A cache of intriguing gold treasures has been unearthed in the Caucasus Mountains of southern Russia.
The haul is made up of two bucket-shaped gold vessels – understood to be bongs - three cups, a heavy gold finger ring, two neck rings and a gold bracelet and dates back 2,400 years to the era of the Scythians.
This nomadic tribe, originally of Iranian stock, headed an ancient kingdom north of the Black Sea in a region now inside Ukraine and Russia.
The drug habits of the Scythians have been referenced as early as 430 BC by the Greek Historian Herodotus – but the splendour of their hallucinogenic rituals has never been so evident.
Anton Gass, an archaeologist at the Prussian Cultural Heritage Foundation in Berlin, described it as a “once in a century discovery.”
Speaking to National Geographic, he added: “These are among the finest objects we know from the region.”
Archaeologist Andrei Belinski asked criminologists in nearby Stavropol to analyse a black residue coating the inside of the vessels, revealing them to be: “Positive for opium and cannabis.”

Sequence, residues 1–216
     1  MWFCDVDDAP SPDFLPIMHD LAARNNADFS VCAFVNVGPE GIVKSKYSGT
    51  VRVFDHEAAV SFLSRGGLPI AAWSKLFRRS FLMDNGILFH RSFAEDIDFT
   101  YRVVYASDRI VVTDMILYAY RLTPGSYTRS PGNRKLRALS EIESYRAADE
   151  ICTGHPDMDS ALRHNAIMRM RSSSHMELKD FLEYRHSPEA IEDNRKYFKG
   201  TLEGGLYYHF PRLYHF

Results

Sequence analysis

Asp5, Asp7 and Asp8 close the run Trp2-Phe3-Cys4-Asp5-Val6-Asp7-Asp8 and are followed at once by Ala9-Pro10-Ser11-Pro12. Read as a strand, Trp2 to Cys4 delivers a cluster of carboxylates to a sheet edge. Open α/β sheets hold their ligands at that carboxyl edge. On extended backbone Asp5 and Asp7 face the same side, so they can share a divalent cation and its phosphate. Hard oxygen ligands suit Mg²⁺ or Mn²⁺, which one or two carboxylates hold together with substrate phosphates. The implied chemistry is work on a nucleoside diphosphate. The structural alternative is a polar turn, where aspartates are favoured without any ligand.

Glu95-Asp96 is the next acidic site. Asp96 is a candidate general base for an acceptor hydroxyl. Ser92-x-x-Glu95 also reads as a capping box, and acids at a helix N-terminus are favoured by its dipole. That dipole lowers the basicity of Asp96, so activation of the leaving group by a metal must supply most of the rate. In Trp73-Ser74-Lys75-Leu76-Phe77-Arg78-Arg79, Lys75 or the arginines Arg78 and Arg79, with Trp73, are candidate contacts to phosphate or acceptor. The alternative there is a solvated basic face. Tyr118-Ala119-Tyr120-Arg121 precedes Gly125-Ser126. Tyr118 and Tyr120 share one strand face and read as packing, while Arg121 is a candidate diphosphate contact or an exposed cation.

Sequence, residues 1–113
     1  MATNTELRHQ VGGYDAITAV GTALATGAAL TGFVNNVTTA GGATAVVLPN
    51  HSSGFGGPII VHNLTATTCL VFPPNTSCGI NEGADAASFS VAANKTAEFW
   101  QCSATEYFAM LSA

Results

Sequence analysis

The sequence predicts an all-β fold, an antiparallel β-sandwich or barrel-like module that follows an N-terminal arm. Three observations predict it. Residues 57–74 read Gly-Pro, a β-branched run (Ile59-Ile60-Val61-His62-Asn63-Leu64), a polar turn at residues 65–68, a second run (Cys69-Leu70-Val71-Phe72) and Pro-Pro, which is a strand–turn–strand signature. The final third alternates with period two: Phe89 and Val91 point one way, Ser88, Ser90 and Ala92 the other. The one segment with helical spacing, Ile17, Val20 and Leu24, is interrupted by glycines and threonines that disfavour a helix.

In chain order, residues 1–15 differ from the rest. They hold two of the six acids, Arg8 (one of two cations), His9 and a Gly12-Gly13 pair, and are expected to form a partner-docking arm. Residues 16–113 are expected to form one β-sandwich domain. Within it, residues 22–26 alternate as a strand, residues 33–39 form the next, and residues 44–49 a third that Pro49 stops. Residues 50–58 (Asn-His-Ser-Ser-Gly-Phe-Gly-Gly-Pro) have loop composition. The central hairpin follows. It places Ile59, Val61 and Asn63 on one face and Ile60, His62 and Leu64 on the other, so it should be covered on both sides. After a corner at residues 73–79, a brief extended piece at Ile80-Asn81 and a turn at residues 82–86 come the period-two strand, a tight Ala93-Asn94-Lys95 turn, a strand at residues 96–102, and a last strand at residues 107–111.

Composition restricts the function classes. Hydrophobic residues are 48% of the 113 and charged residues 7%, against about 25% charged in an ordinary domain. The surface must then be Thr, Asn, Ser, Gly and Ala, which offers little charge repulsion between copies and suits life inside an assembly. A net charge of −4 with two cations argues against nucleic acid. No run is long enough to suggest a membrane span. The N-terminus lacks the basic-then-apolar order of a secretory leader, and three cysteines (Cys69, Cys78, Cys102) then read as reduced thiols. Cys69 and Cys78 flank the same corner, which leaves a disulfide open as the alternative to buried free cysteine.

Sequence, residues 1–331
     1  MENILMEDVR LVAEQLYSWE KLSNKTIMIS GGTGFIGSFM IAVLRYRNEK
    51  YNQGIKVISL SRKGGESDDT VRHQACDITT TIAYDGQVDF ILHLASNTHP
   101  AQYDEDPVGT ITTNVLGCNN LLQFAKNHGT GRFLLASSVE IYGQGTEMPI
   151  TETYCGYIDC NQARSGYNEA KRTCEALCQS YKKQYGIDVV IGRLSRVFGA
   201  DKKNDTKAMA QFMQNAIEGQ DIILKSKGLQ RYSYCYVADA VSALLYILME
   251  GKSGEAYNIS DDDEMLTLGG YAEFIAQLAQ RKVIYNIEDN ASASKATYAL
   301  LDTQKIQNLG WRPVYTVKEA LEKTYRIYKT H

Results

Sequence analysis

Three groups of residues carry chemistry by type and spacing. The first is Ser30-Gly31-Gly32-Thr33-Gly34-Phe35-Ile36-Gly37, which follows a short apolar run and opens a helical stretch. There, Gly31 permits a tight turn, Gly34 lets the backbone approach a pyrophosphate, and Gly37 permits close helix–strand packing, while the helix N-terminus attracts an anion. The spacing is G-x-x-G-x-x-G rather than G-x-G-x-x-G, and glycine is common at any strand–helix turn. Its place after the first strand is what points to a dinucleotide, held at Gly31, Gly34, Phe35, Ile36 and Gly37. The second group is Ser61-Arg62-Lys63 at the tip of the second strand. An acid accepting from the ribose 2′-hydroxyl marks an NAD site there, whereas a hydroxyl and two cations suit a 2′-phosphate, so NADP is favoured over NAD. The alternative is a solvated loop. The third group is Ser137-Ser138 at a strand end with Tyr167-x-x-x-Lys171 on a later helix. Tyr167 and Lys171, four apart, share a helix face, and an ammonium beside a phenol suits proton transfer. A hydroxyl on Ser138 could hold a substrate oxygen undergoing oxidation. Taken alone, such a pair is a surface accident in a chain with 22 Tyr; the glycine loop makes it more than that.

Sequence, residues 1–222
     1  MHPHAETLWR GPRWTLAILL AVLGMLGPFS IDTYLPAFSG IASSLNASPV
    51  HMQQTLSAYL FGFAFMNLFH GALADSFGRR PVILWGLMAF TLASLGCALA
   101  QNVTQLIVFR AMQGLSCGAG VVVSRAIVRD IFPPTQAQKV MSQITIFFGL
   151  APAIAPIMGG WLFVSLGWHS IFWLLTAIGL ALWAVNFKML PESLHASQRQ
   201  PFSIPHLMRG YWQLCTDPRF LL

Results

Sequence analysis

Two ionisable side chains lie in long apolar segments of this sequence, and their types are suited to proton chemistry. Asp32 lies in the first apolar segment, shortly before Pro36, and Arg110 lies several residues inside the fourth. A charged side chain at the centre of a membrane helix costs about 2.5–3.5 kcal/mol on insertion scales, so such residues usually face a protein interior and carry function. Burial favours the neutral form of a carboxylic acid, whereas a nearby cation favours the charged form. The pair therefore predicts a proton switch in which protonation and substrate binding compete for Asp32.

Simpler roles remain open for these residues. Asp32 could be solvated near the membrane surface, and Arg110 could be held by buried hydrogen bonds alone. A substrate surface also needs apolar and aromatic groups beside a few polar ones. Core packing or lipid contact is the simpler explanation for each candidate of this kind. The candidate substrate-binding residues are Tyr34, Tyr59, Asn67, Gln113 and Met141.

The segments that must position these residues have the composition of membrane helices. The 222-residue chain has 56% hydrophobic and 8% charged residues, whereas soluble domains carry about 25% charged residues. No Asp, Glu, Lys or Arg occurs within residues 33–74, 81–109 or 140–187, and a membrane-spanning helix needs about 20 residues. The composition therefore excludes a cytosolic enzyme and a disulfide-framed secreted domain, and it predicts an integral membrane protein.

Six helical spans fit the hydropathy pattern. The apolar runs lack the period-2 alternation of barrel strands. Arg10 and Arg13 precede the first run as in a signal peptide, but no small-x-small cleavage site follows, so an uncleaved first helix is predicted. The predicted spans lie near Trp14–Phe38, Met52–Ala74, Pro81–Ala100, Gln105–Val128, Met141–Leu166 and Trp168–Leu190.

According to the BBC, hemp was introduced to northern Europe by the Scythians in 500BC.
Remains of a double burial traced to this time yielded a decorated leather pouch containing wild cannabis seeds and between 700-300BC Scythians left cannabis seeds as offerings in royal tombs. By 1500 cannabis was being cultivated and used to weave fine hemp cloth.
Of the tribe's predilection for smoking cannabis, Herodotus is said to have remarked: "That no Grecian vapour-bath can surpass … transported by the vapor, [they] shout aloud."
Gass believes the remarkable imagery on the gold bongs appears to confirm more of Herodotus’s reports of the tribe’s so-called Bastard Wars, which saw warriors returning from battle with Persia to find their lonely wives had borne children to their slaves.
The slaughter of these interlopers is believed to have been engraved upon one of the bongs. The other displays further violence in the form of griffons tearing apart a horse and a stag.
The Scythians were feared and admired for their prowess in war, an in particular, for their horsemanship, Encyclopaedia Britannica writes.
Burial customs were elaborate and called for the sacrifice of members of the dead man’s household, including wife, servants – and a number of horses.